Eight Men Out

Eight Men Out Photo
Tonight’s film is an historically accurate dramatization of events surrounding the 1919 World Series, which the Chicago White Sox deliberately lost to the Cincinnati Reds. John Sayles (director of the labor film classic Matewan) adapted the screenplay from Eliot Asinof’s 1963 book, Eight Men Out, which he closely follows. While both the book and the film explore the motives and actions of the players, gamblers and others involved in the fix and its aftermath, they differ in assigning responsibility. Where Asimof has the players suggest the fix to the gamblers, Sayles shows the gamblers at the outset discussing which players might be approached to throw games. Sayles presents the players more sympathetically — their behavior looks more like a labor action than an expression of personal greed.

To appreciate Eight Men Out as a labor film it is helpful to see how the players’ decision to throw the World Series grew out of the terms and conditions of their employment. In 1919 major league players were essentially the property of the owners of baseball clubs. Thanks to the reserve clause in their contracts, their clubs retained the perpetual right to their services. As they were not free to negotiate with other clubs their choice each year was either to accept the salary offered them or to quit baseball. Conversely, they had no job security: injured players had no protection, players might be fired with ten days notice, and there were no pensions.

Thus, early in the 1919 season when the White Sox team threatened to strike over the low pay offered them by owner Charles Comisky, they were only dissuaded by the promise of bonuses. But Comisky reneged on his pledge, rewarding his pennant winners not with cash but with a case of champagne and benching pitcher Cicotte to prevent him from winning the stipulated 30 games. On top of this, Comisky was a skinflint, paying his players salaries lower than those received by less-skilled players on other teams; paying less for their meals, having their uniforms laundered less frequently (hence the White Sox being called the Black Sox). With such grievances, especially in the face of increased box office receipts and franchise profits, it is not surprising that some players might sabotage the series to undermine their owner and recoup some of their lost income.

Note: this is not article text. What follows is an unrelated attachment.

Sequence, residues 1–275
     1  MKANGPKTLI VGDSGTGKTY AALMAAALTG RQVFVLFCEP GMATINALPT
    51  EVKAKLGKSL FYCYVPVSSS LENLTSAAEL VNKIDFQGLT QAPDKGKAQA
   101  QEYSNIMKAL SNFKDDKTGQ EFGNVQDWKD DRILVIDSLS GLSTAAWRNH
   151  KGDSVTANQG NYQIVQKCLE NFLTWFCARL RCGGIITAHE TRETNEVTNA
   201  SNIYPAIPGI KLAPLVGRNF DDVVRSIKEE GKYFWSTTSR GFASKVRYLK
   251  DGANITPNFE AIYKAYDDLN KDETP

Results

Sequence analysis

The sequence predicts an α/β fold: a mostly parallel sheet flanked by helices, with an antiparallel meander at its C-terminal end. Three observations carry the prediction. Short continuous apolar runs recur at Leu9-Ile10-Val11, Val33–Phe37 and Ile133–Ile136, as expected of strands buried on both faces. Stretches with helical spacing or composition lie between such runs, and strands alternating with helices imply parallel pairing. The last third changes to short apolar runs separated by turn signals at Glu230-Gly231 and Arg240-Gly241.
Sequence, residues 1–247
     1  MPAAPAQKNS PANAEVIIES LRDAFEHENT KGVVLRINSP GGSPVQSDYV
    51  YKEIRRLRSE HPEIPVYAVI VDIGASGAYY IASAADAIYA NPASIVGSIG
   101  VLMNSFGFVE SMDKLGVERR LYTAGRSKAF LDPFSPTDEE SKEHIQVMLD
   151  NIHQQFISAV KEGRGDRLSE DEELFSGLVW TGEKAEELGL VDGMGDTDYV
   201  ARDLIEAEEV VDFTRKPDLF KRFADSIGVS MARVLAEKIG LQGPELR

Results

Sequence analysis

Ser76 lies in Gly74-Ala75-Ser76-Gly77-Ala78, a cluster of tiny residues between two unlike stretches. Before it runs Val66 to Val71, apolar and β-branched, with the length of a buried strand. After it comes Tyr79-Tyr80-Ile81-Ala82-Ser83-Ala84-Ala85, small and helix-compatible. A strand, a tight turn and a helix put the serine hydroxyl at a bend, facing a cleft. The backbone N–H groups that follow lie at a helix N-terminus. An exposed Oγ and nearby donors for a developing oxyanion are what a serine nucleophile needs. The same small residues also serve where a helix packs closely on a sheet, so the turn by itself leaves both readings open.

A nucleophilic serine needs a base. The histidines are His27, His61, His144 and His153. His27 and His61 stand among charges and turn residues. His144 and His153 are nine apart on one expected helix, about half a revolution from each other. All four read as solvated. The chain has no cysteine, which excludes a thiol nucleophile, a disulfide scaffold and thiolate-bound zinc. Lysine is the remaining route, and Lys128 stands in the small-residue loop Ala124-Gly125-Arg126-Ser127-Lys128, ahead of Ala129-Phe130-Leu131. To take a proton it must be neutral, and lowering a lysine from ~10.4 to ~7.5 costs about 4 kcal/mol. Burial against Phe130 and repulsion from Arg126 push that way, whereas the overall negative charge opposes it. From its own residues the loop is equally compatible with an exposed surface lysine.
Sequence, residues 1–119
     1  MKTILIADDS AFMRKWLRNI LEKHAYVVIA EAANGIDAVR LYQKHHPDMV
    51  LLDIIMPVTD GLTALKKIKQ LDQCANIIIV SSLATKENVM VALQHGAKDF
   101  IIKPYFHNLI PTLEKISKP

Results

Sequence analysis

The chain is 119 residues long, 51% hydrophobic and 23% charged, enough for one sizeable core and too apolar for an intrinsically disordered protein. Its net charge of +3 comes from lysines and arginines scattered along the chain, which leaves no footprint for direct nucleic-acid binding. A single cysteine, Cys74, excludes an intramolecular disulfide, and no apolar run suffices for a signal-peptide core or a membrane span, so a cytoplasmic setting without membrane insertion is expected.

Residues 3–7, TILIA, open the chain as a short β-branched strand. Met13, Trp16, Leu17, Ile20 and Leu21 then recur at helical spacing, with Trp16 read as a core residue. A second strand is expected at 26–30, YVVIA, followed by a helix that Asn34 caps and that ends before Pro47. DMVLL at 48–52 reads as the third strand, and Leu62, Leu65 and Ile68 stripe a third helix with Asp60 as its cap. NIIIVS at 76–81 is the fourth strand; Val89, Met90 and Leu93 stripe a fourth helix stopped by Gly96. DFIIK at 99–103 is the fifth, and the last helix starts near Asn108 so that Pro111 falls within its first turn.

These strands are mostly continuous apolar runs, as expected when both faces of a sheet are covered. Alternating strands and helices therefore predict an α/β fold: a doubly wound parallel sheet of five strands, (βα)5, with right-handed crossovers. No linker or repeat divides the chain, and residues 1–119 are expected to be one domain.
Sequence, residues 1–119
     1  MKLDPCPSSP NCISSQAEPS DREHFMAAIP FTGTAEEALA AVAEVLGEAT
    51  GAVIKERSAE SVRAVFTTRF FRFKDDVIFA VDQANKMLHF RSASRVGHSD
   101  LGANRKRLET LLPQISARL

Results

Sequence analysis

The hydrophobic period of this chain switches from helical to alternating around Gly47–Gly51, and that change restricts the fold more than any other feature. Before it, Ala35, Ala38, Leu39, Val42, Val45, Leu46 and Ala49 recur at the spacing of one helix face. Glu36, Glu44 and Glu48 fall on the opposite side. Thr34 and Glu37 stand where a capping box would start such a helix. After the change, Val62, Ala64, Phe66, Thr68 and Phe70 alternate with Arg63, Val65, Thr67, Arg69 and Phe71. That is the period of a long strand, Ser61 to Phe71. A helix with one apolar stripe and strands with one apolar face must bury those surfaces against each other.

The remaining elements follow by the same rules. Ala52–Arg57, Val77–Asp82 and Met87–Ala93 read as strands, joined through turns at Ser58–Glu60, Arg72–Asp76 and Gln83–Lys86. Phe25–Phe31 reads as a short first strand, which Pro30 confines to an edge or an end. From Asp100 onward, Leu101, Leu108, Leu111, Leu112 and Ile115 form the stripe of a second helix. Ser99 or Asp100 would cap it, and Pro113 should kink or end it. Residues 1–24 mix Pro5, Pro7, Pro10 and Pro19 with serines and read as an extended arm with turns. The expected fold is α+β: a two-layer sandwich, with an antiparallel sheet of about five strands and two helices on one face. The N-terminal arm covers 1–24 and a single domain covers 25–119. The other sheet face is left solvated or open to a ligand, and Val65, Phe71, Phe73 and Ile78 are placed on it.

Attempts by players to litigate the reserve clause out of their contracts proved unsuccessful. In 1922 the Supreme Court ruled that baseball could not be federally regulated, Justice Oliver Wendell Holmes writing that “personal effort, not related to production, is not a subject of commerce.” As late as 1972 the Supreme Court (Flood v. Kuhn) upheld the reserve clause and it was not until 1975 that the players’ achieved, through arbitration by their union, the status of free agents with some control over their professional destinies.

Baseball players and owners of baseball teams were not the only workers and employers clashing in 1919’s post-WWI economy. As war contracts ended and war-related production dwindled, as workers drafted into military service were demobilized and returned to the civilian workforce, and as the cost of living rose dramatically, tensions between labor and capital led to 3,600 strikes involving over four million workers. Most notable were America’s first general strike (in which Seattle’s entire labor community, united in solidarity with the Metal Workers Union, walked off the job); strikes by 250,000 steel workers and 400,000 UMW coal miners; and strikes in New England by 40,000 textile workers and 9,000 women telephone operators, as well as the entire Boston Police force.

A race riot in Chicago, only half a mile from Comisky Park, was partly occasioned by the layoff of unionized black stockyard workers, a story told inThe Killing Floor, a film we’ve shown in our labor film series.

Employers, the press and the government attributed the growing labor militancy in 1919, not to the economic crisis precipitated first by the war and then by the armistice, but to the Russian revolution and to such organizations as the Industrial Workers of the World (IWW), the Socialist Party (some of whose members were winning elections), and even the Communist Party (founded in Chicago in 1919). Among the responses to perceived subversion were the Congressional founding that year of the American Legion, the attack by Legion members on the Centralia (WA) IWW hall and the murder of Wesley Everett, and the raids launched by Attorney General Palmer on the offices of radical groups, beginning with Buffalo. In Rochester, police raided the Progressive Working People’s Lyceum on St.Paul Street, arresting three alleged anarchists and seizing the library.

As you watch and, I hope, enjoy Eight Men Out, please note the performance of John Sayles as Ring Lardner who was, in 1919, a syndicated sports writer who, in disgust over the World Series fix, abandoned baseball altogether. Also note that Hugh Fullerton, played by Studs Terkel, was the sports writer who exposed the fix in the Chicago Herald-Examiner. Another figure, National League president John Heydler, is played by Eliot Asinof, author of the book on which the film is based.

Finally, keep your eye out for the union shop card in the window of the barbershop where one of the players is being shaved.

 

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About Jon Garlock

Jon Garlock chairs the Education Committee of the Rochester (NY) Labor Council. He coordinates an annual Labor Film Series, now in its 26th year, presented at the International Museum of Film and Photography at George Eastman House. He has published on 19th century US and local labor history, co-directing a video and developing teaching materials on Rochester’s unions.